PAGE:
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United States Court of Appeals, Ninth Circuit.

Roberto BLANCO-MARTINEZ, Petitioner, v. Robert M. WILKINSON, Acting Attorney General, Respondent.

No. 17-70033

Decided: January 26, 2021

Before: WALLACE and M. SMITH, Circuit Judges, and RESTANI,* Judge. Crystal Ada Nwaneri, Attorney, Emmett Charles Stanton, Attorney, Fenwick & West LLP, Mountain View, CA, Todd Richard Gregorian, Attorney, Fenwick & West LLP, San Francisco, CA, for Petitioner Jeffrey S. Beelaert, Attorney, DOJ - U.S. Department of Justice, Environment & Natural Resources Division, Washington, DC, Chief Counsel ICE, Office of the Chief Counsel, Department of Homeland Security, San Francisco, CA, Evan P. Schultz, DOJ - U.S. Department of Justice, Civil Division/Office of Immigration Litigation, Washington, DC, for Respondent


Roberto Blanco-Martinez (Blanco-Martinez), a native and citizen of El Salvador, petitions for review of the decision of the Board of Immigration Appeals (BIA) dismissing his appeal of the Immigration Judge's (IJ) denial of his requests for asylum, withholding of removal, and withholding of removal under the Convention Against Torture (CAT). We have jurisdiction under 8 U.S.C. § 1252. We review for substantial evidence the BIA's conclusion that an applicant has not established eligibility for asylum, see Madrigal v. Holder, 716 F.3d 499, 503 (9th Cir. 2013), and relief under CAT, Zheng v. Ashcroft, 332 F.3d 1186, 1193 (9th Cir. 2003). We conclude that substantial evidence supports the BIA's denial of asylum, withholding of removal, and relief under CAT.

To qualify for asylum, a petitioner's “well-founded fear of persecution must be both subjectively genuine and objectively reasonable.” Sael v. Ashcroft, 386 F.3d 922, 924 (9th Cir. 2004) (citation omitted). Blanco-Martinez did not present evidence showing that the chain of events he speculates about in his testimony is likely to occur or that his prior military affiliation would be broadcasted such that he had an objectively reasonable fear of persecution. See Gu v. Gonzales, 454 F.3d 1014, 1021–22 (9th Cir. 2006) (holding that Petitioner's fears based on information gathered from family and friends and a brief detention constituted “speculation” and not “objective evidence demonstrating a well-founded fear of persecution”). Thus, substantial evidence supports the BIA's conclusion that Blanco-Martinez did not establish a well-founded fear of future persecution as required by 8 U.S.C. § 1158(b)(1)(B)(i).

Although the IJ did not give Blanco-Martinez notice that corroboration of his testimony was required or an opportunity to produce it at his final hearing, Blanco-Martinez had multiple opportunities to corroborate his testimony in four hearings. Furthermore, any argument that Blanco-Martinez did not receive sufficient notice and opportunity to present corroborative evidence under Ren v. Holder, 648 F.3d 1079, 1093 (9th Cir. 2011), is waived on appeal because he failed to raise the issue in his opening brief. See Smith v. Marsh, 194 F.3d 1045, 1052 (9th Cir. 1999).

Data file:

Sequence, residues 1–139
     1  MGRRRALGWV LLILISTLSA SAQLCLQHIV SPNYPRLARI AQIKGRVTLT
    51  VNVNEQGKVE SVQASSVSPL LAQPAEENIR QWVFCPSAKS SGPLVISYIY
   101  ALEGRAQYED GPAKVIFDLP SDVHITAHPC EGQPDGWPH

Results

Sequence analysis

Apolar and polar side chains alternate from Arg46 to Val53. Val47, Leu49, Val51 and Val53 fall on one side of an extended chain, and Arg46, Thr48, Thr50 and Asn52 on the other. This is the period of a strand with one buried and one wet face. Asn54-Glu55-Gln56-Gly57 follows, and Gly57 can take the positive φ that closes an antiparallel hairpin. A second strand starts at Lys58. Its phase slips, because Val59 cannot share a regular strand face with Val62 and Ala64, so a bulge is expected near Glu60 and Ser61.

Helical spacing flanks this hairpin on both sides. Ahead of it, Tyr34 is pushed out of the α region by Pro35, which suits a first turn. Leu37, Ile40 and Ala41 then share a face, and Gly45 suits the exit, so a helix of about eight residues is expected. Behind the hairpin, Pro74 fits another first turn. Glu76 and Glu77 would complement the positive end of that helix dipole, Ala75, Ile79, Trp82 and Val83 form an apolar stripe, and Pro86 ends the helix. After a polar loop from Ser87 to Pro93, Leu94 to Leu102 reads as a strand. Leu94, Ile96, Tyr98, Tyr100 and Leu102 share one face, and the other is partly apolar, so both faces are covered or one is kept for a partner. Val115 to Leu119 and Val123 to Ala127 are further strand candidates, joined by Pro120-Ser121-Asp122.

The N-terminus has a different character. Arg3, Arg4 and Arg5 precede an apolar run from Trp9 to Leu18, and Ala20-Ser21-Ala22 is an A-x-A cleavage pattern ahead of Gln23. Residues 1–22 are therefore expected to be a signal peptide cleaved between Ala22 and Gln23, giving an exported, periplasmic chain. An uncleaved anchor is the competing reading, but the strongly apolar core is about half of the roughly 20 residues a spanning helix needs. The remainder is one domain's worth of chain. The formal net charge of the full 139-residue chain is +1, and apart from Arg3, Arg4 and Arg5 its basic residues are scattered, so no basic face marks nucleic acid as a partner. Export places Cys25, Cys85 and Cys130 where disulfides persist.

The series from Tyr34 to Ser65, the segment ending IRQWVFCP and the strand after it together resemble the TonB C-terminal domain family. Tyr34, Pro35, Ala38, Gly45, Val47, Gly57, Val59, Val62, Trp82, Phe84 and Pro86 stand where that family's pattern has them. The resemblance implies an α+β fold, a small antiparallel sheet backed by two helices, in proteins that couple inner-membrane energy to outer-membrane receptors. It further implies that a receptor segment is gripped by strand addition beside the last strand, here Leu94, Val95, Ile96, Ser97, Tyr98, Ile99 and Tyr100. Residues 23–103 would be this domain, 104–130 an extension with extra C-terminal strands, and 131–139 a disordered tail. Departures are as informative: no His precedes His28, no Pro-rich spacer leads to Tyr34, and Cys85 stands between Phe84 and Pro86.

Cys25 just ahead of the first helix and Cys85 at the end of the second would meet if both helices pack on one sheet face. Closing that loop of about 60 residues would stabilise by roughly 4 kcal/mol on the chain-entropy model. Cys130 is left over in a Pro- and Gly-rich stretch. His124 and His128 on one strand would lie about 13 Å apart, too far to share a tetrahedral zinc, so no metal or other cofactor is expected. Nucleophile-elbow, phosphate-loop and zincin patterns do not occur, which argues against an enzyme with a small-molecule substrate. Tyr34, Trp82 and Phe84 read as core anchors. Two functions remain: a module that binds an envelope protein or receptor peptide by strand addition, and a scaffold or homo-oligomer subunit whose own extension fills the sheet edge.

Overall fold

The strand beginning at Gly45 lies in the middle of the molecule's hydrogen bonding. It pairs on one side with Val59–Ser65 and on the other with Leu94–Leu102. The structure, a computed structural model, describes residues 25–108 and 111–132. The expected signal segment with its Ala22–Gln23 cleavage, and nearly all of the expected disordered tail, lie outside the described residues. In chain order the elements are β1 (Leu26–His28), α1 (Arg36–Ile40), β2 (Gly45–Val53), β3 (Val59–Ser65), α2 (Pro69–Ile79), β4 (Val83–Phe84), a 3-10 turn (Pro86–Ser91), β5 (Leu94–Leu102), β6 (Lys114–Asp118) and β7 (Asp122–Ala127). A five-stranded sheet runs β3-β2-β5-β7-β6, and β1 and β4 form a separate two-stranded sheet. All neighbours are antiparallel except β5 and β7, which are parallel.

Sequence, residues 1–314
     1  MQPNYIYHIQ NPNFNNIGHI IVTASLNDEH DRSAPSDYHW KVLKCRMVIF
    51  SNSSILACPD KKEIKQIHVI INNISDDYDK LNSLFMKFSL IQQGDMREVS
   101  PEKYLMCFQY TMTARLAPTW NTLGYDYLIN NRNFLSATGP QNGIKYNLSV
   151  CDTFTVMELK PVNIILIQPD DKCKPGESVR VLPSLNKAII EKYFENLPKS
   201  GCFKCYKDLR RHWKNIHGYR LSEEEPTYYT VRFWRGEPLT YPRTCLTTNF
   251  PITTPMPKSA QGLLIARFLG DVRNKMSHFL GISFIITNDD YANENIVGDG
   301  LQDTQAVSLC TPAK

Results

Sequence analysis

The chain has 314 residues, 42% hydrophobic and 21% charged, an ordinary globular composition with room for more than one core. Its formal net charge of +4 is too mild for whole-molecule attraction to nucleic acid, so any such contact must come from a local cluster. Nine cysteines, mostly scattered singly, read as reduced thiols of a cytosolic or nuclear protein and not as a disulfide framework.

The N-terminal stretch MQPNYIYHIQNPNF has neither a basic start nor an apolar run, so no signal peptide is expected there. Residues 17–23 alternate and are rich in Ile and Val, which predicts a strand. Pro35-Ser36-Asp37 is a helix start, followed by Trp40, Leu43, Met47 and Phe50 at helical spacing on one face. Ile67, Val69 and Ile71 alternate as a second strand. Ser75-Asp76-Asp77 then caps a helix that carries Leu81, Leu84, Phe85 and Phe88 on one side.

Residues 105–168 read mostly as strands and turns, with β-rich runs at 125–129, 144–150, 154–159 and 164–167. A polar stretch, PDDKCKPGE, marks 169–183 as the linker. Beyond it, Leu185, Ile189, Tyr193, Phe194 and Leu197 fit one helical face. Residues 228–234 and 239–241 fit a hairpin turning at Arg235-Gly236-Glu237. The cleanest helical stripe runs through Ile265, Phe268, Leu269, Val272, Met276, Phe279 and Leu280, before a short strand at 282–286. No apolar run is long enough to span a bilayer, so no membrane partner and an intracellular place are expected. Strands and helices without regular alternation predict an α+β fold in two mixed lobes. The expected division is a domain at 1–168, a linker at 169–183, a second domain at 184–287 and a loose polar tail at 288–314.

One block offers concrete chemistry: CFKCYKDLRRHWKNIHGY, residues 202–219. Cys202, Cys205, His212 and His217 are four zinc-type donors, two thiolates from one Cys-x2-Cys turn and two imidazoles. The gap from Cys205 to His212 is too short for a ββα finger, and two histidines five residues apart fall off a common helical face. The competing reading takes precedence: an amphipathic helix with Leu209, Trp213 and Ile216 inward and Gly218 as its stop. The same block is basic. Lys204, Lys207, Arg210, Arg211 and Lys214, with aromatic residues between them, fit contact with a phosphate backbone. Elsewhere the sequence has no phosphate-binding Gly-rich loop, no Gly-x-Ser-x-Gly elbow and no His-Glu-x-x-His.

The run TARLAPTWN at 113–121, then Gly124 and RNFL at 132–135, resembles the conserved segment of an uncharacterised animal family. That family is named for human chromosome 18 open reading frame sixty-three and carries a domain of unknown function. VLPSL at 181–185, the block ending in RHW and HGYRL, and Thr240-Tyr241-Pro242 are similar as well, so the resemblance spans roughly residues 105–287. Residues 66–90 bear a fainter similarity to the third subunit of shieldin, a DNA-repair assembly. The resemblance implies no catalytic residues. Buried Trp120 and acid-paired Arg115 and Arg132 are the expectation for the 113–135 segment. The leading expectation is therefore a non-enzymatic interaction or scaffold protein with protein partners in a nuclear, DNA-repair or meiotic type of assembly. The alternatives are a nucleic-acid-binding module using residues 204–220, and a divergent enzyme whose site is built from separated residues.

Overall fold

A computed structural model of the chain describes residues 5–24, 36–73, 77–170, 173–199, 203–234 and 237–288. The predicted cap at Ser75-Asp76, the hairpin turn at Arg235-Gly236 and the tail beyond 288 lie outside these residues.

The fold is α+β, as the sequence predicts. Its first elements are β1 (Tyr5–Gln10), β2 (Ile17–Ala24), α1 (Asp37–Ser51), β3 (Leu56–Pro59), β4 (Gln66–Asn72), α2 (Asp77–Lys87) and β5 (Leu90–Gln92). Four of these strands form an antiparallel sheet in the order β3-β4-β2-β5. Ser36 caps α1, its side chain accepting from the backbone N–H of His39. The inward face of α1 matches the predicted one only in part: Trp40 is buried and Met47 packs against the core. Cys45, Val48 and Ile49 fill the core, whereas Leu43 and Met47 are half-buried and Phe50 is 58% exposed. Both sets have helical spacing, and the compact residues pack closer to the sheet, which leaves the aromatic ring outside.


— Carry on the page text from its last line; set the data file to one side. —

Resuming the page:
Because Blanco-Martinez failed to meet his burden for asylum, the BIA's determination that Blanco-Martinez failed to meet the higher standard withholding of removal requires is also supported by substantial evidence. Alvarez-Santos v. I.N.S., 332 F.3d 1245, 1255 (9th Cir. 2003).

Substantial evidence also supports the BIA's denial of withholding of removal under the CAT. Blanco-Martinez presented evidence of widespread criminality and violence in El Salvador, without sufficiently showing how he would specifically be targeted, which is not enough to establish eligibility for relief under the CAT. Delgado-Ortiz v. Holder, 600 F.3d 1148, 1152 (9th Cir. 2010). Blanco-Martinez's concerns regarding the Salvadoran police's inability to protect him from gang violence, are not enough to establish government acquiescence to torture because “[a] government does not acquiesce in the torture of its citizens merely because it is aware of torture but powerless to stop it.” Garcia-Milian v. Holder, 755 F.3d 1026, 1034 (9th Cir. 2014) (internal citation and quotation marks omitted).

For the foregoing reasons, Blanco-Martinez's petition for review is DENIED.

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